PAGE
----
I Am Not a Kook: Richard Nixon's Bizarre Visit to the Lincoln Memorial

Newly public recordings show the president trying to do damage control after what a key aide called "the weirdest day" of his presidency


Richard Nixon had some pretty strange moments as president -- an Oval Office meeting with Elvis Presley during which the pill-addled singer lobbied to be deputized as a federal agent-at-large in the War on Drugs; Nixon's declaration to a roomful of newspaper editors at the height of the Watergate scandal, "I am not a crook;" Nixon asking Henry Kissinger to kneel down and pray with him and then bursting into tears the night before he resigned.

But perhaps the most bizarre moment of the Nixon presidency took place in the early morning hours of May 9, 1970, during which Nixon, with his faithful White House butler in tow, made an impromptu visit to the Lincoln Memorial and engaged in a rambling dialogue with student protestors. The incident took place at a tumultuous time in the Nixon presidency, shortly after the invasion of Cambodia and the resulting explosion of outrage on college campuses, culminating in the killing of four students at Kent State University on May 4. Nixon's erratic behavior during the Lincoln Memorial visit would have even his closest aides wondering if the president was losing it. Nixon's Chief of Staff H. R. Haldeman would write in his diary hours after the Lincoln Memorial visit, "I am concerned about his condition," and note that Nixon's behavior that morning constituted "the weirdest day so far."

Last week, the Nixon Presidential Library and Museum opened formerly restricted materials from five Watergate-related transcripts of the Nixon White House tapes, plus a series of presidential dictabelts. Five of the dictabelt recordings feature Nixon dictating a memo to Haldeman that offers his version of the Lincoln Memorial incident. Details of Haldeman memo had surfaced before, but this marks the first time the public has heard Nixon recount the event in his own voice.

Listening to Nixon describe his bizarre sojourn to the Lincoln Memorial is to hear a man who's already sold himself on an alternate version of reality.

Nixon begins his dictated memo by instructing that his recollections of the Lincoln Memorial trip be distributed "on a very limited basis" to close aides and "anyone else who may have raised questions." From the start, it's clear that Nixon's memo is an attempt at damage control, aiming to counter the perception of his Lincoln Memorial sojourn. Details of the visit had already begun appearing in the press, hinting at an exhausted and overwrought president engaging students in nonsensical banter.

"Even when I'm tired, I do not talk about nonsensical things," Nixon tersely declares on the recording. Instead, Nixon says that the dialogue with the students was an attempt "to lift them a bit out of the miserable intellectual wasteland in which they now wander."

Nixon recounts the lead up to his predawn visit. After finishing a press conference at 10 p.m. on May 8 during which he faced tough questions about his decision to invade Cambodia and the campus furor it provoked, Nixon says he then fielded about 20 telephone calls "from VIPs," went to bed at 2:15 a.m. and "slept soundly" until shortly after 4 a.m.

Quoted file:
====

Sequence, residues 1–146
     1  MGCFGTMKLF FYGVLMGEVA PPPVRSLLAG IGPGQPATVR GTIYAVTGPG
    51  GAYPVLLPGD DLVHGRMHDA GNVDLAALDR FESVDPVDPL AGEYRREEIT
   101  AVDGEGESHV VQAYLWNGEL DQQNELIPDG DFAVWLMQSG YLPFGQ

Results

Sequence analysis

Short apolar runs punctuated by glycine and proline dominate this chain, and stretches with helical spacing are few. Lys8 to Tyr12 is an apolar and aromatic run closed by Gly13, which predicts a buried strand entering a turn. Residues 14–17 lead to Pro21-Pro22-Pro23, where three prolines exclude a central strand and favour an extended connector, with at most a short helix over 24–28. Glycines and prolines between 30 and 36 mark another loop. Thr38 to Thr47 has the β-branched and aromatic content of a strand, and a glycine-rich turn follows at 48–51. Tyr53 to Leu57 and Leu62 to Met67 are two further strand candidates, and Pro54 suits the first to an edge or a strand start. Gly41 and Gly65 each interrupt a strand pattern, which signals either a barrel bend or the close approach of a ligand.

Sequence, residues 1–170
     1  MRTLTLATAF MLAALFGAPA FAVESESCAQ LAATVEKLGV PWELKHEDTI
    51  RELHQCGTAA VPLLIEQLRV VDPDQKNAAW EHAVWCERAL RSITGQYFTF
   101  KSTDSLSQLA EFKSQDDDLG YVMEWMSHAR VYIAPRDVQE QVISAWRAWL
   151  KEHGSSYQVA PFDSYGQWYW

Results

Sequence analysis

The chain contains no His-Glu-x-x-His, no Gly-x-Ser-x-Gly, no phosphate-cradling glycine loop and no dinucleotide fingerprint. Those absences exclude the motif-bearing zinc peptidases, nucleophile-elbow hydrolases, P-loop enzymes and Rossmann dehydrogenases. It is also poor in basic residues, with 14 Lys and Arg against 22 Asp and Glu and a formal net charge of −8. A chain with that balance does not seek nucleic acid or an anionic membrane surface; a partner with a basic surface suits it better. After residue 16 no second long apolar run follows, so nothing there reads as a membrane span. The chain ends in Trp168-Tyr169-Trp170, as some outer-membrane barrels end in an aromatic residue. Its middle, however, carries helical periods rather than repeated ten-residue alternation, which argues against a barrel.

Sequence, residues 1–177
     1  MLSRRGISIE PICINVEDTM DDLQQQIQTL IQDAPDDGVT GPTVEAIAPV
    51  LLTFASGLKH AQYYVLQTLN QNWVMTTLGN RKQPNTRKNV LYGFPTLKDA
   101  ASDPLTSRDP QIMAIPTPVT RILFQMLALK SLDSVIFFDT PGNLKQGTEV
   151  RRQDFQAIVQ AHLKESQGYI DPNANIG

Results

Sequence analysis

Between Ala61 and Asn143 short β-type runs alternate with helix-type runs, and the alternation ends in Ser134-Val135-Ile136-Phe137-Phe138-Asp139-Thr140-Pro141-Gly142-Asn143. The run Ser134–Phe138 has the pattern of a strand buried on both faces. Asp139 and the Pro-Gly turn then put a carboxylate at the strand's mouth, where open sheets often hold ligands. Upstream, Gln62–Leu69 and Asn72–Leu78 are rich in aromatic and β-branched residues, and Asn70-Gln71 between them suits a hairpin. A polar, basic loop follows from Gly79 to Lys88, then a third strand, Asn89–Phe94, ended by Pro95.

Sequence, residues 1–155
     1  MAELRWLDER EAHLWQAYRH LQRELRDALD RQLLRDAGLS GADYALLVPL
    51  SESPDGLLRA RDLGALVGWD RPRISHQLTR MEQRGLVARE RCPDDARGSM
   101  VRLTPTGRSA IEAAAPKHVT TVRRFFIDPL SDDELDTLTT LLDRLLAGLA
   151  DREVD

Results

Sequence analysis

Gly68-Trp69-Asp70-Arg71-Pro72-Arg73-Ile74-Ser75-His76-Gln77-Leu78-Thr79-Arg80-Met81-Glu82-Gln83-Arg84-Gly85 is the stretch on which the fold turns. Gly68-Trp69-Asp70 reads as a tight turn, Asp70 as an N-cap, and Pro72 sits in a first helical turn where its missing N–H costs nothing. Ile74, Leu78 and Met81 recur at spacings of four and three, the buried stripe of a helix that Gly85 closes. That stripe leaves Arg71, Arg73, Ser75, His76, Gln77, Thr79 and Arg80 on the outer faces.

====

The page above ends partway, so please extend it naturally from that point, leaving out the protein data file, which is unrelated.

Nixon doesn't mention it, but he made an unsolicited call to NBC reporter Nancy Dickerson at about 1 a.m. When a groggy Dickerson answered the phone, Nixon's first words were, "This is Dick," and it took Dickerson a moment to realize just who this Dick was. In a brief, rambling conversation, Nixon complained about the way the previous night's press conference had gone and then asked Dickerson if she was attending White House church service that weekend. When Dickerson replied that she hadn't been invited, Nixon blurted with odd bravado, "Oh, I can take care of that."

As author Anthony Summers recounted in The Arrogance of Power: The Secret World of Richard Nixon, Dickerson later commented to her husband, "That man has not been drinking, but I would feel better if he had been." Dickerson thought that Nixon was suffering "a dislocation of personality."

Nixon says he woke up shortly after 4 a.m., went into the Lincoln sitting room, and began listening to a record of Eugene Ormandy conducting a Rachmaninoff piece. (Several already-released tapes of Nixon phone conversations feature classical music blaring in the background at rock n' roll volume.) The loud music awakened White House valet Manolo Sanchez, and as Nixon looked out the window at a small knot of people gathering outside on the National Mall, he asked his valet if he had had ever been to the Lincoln Memorial at night. When Sanchez replied no, Nixon impulsively told him, "Get your clothes on, we'll go down to the Lincoln Memorial!"

"I've never seen the Secret Service quite so petrified with apprehension," Nixon recounts, and indeed, the spur-of-the-moment decision to visit the Lincoln Memorial in the middle of the night was unprecedented, much less for a president under siege for his unpopular policies.

Nixon and his valet, along with senior White House doctor Walter Robert Tkach and a team of Secret Service agents piled into the presidential limousine and drove to the Lincoln Memorial. When they arrived at the Lincoln Memorial, Nixon and Sanchez walked up the steps to the chamber containing the imposing 19-foot high statute of the sitting Lincoln. Nixon pointed out to Sanchez the carved inscriptions of Lincoln's Second Inaugural Address and his Gettysburg Address.

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Tom McNichol, a frequent contributor to TheAtlantic.com, is a San Francisco writer whose work has also appeared in the New Yorker, the New York Times, the Washington Post, and on NPR's "All Things Considered."

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